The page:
In July these green and yellow flower spikes tower along our roadsides and waste places.
In its first year of life, the plant is a basal rosette of velvety blue-green leaves, 4-16 inches long.
In its second year the rosette sprouts a flower spike, blooms in the summer, sets seed, and then dies.
Here it is in the spring of its second year. The basal rosette is beginning to flower.
And here's a closeup of the flowers:
Though common mullein only reproduces by seed it's very good at doing it. Each plant produces 100,000 to 180,000 seeds that are dispersed by wind or animals. If the seeds don't land in a hospitable place, no problem. They're viable for 100 years!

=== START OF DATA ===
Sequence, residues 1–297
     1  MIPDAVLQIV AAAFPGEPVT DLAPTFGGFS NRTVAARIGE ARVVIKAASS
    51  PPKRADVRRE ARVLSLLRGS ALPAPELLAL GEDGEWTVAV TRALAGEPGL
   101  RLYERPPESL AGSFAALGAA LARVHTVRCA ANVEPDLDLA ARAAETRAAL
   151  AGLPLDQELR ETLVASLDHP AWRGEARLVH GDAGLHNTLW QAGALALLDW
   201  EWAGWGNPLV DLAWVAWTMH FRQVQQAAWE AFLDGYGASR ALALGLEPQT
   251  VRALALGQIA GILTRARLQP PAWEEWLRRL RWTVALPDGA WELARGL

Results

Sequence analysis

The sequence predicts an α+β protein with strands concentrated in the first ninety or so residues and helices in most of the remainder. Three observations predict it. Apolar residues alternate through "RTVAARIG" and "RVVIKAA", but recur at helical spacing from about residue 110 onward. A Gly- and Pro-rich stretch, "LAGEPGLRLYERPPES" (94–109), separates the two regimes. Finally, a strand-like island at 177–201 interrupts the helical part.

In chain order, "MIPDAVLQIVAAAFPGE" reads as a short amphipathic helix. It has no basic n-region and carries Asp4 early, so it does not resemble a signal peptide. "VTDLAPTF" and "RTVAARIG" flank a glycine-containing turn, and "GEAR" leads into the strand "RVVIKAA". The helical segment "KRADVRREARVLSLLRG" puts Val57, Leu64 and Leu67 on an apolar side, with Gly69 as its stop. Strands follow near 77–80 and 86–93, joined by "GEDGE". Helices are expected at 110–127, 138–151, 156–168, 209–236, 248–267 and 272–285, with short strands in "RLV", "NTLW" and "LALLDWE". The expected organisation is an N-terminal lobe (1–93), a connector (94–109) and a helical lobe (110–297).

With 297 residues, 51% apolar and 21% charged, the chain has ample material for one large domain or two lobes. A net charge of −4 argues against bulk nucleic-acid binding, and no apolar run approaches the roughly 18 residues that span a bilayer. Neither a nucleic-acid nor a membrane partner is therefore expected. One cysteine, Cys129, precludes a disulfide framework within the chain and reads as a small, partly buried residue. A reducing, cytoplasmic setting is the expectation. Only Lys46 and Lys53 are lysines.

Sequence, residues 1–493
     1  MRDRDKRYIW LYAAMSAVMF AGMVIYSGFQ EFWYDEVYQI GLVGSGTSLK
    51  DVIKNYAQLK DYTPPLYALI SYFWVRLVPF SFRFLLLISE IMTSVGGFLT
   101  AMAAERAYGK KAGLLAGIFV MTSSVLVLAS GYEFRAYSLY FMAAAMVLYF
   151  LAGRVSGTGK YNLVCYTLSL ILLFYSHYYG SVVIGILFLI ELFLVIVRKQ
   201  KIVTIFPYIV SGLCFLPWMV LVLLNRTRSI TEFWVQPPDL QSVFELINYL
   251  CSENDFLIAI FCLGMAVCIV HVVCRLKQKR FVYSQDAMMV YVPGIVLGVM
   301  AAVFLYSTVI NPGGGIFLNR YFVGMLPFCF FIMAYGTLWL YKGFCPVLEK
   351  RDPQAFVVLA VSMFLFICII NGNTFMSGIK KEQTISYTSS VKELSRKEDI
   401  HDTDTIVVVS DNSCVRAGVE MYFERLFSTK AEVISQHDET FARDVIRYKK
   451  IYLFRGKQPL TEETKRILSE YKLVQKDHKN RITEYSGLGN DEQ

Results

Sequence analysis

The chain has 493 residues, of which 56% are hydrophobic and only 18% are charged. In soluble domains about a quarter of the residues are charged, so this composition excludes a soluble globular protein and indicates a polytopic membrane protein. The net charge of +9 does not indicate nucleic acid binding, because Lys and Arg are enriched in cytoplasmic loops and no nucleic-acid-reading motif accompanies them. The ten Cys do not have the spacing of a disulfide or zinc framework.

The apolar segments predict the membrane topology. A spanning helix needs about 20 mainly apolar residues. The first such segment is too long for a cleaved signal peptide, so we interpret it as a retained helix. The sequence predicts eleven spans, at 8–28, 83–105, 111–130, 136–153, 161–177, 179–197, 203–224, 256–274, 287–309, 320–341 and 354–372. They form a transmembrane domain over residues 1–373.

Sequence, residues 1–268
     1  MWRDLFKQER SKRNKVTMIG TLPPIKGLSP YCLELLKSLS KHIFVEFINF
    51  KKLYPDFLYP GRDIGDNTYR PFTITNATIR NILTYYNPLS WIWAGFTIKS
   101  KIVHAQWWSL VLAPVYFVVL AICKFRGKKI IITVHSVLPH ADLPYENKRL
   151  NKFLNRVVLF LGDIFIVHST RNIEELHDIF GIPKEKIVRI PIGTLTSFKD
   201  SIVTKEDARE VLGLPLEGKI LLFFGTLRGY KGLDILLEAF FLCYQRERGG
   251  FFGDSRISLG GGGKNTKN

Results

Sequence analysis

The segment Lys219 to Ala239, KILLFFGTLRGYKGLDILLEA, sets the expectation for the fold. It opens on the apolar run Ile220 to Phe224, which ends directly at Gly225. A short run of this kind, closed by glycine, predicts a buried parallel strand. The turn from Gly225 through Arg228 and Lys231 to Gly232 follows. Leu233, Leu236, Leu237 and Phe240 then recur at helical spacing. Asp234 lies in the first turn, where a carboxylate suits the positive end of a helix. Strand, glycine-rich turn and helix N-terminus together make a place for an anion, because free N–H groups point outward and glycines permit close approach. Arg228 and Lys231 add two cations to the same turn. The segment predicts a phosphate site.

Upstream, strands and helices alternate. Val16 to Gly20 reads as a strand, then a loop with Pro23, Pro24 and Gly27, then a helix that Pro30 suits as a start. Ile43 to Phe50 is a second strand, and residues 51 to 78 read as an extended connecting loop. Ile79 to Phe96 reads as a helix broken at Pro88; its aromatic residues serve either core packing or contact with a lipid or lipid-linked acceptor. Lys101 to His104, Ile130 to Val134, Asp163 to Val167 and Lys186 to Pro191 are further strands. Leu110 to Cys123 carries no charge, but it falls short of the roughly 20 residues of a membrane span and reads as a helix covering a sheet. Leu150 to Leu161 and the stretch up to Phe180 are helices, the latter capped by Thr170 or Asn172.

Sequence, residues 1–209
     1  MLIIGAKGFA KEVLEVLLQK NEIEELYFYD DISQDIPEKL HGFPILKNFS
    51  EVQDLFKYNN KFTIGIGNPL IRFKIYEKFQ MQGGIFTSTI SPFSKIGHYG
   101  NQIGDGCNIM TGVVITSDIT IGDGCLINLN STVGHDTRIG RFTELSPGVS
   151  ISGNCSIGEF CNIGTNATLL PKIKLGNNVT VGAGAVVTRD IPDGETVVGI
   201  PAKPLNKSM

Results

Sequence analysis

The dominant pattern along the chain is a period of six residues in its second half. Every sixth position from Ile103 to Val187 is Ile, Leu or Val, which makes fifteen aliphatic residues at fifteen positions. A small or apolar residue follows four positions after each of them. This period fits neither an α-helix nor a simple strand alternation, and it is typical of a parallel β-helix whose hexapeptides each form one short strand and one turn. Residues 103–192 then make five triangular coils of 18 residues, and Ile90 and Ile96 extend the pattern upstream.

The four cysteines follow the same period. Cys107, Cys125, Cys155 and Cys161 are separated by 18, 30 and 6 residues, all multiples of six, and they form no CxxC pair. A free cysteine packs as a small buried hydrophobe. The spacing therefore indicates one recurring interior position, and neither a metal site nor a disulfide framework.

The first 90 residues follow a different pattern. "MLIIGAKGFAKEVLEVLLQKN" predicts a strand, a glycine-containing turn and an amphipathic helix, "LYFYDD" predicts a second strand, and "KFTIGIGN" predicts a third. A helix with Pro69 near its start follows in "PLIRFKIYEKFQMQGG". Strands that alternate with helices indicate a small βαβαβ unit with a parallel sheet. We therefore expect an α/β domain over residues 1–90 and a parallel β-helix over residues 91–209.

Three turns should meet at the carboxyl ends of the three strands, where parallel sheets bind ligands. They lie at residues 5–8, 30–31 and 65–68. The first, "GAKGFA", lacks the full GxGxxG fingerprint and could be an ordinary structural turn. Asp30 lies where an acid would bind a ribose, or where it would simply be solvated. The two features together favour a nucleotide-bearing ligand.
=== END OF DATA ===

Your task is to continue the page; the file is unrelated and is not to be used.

Consequently, common mullein is listed as invasive in 20 states including Pennsylvania, Ohio and West Virginia.
Because it only spreads by seed, this plant can be eradicated by hand pulling before the seed sets, then bagging it and disposing of it. Unfortunately, it's too late in the season to do that now and other methods, such as poison, will only spread its seeds when the plant falls.
We'll just have to enjoy its flowers and wait until next year.
When it comes to weeds, I love procrastinating!
(photos by Kate St.John)